Summer in the Japanese Garden

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Yellow loosestrife beside the bridge

Water Lilies frame the Snow Lantern

The Gunnera just gets bigger

Crocosmias beside the Pavilion

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As temperatures rise, plants which have lain dormant over the winter months, and have been nudged into life during the springtime, are now in full vigour of growth.  The various ferns, the Shuttlecock Fern (Matteuccia Struthiopteris), the Royal Fern (Osmunda Regalis), the Broad Buckler Fern (Dryopteris Dilatata), the Common Male Fern (Dryopteris Filix-mas), the Hart’s Tongue Fern (Phyllitis Scolopendrium), and the Tasmanian Tree Ferns (Dickonsonia Antartica), have all made their appearance and flutter softly in the breeze.  Even the Japanese Painted Fern (Athyrium Nipponicum ‘pictum’) has survived the winter’s cold and is now resplendant in its summer glory.   The Hostas are now in full leaf, and will no doubt shortly flower.  The massive Gunnera Manicata sits beside the lower pond like a giant from the Tropical forests.  In just four years this plant has reached the stage where one can almost walk underneath the leaves. A magnificent plant indeed, but one which needs to be planted where there is room for growth.

The bamboos have all recovered from any pain they have suffered during the winter frosts.  The Japanese Acers are all now clothed in the summer finery.  Beside the Japanese Bridge, we find the yellow loosetrife (Lysimachia).  On the opposite side of the lower pond is the purple loosestrife, the same common name, but quite unrelated.  The former is related to the primula, whilst the latter is the true loosestrife with its own family, the Lythraecae.  Both add a welcome dash of colour to the garden.  Another dash of colour comes from the Japanese Irises at the edge of the upper pond, here in white, purple, and a most glorious blue. Beside them one of my favourite of all primulas, Vialii, with its long straight head of pink and blue.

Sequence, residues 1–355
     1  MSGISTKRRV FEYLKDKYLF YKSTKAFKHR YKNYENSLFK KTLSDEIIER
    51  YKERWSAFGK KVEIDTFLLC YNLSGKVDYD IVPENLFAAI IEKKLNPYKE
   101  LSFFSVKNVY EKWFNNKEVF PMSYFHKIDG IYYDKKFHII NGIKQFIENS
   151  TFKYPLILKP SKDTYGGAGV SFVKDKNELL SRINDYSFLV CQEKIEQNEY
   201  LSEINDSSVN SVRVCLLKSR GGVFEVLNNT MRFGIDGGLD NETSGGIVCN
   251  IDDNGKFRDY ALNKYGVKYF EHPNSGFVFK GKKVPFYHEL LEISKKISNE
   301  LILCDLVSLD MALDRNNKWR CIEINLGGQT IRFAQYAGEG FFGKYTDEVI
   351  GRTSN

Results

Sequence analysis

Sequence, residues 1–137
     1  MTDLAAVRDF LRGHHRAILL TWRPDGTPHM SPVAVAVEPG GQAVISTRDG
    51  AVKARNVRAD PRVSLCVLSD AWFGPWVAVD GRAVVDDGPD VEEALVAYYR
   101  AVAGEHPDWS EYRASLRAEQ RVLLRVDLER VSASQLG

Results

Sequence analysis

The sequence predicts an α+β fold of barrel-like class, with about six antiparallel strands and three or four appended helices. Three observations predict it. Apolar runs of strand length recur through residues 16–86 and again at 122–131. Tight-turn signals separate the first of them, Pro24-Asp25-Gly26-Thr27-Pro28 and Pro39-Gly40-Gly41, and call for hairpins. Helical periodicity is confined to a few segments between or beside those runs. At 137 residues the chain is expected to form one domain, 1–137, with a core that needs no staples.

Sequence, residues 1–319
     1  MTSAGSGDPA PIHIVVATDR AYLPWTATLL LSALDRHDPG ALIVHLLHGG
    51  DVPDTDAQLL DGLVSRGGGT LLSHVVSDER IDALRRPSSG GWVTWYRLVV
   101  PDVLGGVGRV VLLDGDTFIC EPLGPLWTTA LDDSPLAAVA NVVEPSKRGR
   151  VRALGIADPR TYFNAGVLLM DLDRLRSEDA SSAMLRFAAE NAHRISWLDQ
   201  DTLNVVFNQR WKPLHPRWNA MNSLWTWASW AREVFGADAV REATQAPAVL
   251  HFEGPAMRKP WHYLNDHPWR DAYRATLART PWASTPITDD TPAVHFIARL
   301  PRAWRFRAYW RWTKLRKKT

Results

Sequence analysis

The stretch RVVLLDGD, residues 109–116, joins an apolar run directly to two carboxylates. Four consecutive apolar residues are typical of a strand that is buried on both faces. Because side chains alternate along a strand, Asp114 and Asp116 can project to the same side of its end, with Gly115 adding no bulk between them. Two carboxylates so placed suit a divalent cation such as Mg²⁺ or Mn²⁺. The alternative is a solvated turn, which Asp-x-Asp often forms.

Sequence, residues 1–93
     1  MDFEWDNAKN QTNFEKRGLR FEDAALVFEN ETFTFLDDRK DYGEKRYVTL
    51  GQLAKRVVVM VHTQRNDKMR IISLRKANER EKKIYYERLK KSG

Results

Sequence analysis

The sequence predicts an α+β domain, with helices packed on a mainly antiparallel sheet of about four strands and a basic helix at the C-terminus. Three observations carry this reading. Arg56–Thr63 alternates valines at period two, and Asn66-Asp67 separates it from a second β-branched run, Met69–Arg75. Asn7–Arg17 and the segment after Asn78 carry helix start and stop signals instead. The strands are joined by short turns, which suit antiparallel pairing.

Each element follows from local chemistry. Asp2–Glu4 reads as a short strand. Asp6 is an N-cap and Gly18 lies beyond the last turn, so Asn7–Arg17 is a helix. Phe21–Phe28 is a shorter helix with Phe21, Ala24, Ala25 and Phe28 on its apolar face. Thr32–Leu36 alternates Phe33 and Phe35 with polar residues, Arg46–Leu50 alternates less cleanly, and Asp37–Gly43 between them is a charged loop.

Up beside the waterfall, most of the colour comes from the varied shades of green of the dwarf conifers, hostas, grasses, and pines.  A solitary Acer (Sango Kaku) with its pink red stems is striking.  Two small specimens of Acer Dissectum Garnet give a splash of red. On the other side of the path the bright yellow/pale green of two small Acer Saraswanum catch the eye.  A bamboo nigra stands at the head of the fall itself in sparkling jet black.  The deep purple red of a small Australian cordyline palm nestles quietly on the rim.

On the edge of the lower pond one comes across an area of various grasses.  Two Pampas Grass (Cortaderia Selloana) are backed by a row of Bamboo Nitida.  In front Gardener’s Garters (Phalaris Arundinacea ‘picta’), and fronted by smaller Miscanthus, Hakonechloa, Carex, Astilbe, and two New Zealand Phormiums.  Here also is a planting of Red Hot Poker, Harvest Lily, and Crocosmia Lucifer to add a light sprinkling of colour in later summer.  These latter two Crocosmias also appear in a waters edge planting towards the Pavilion.

The fish now grace the pond every day, the orfe (some 30 of them now with the latest additions) swimming in shoals, some forty or so small black fish of unknown variety, and half a dozen varied goldfish which have so far managed to avoid the heron’s dreaded attention.

The tinkle of the wind chimes, the trickle of the waterfall, the soft rustle of the breeze in the warm rays of the sunshine.  The serenity of the Japanese Garden, the feeling of being at one with nature.  

The pleasures of life itself.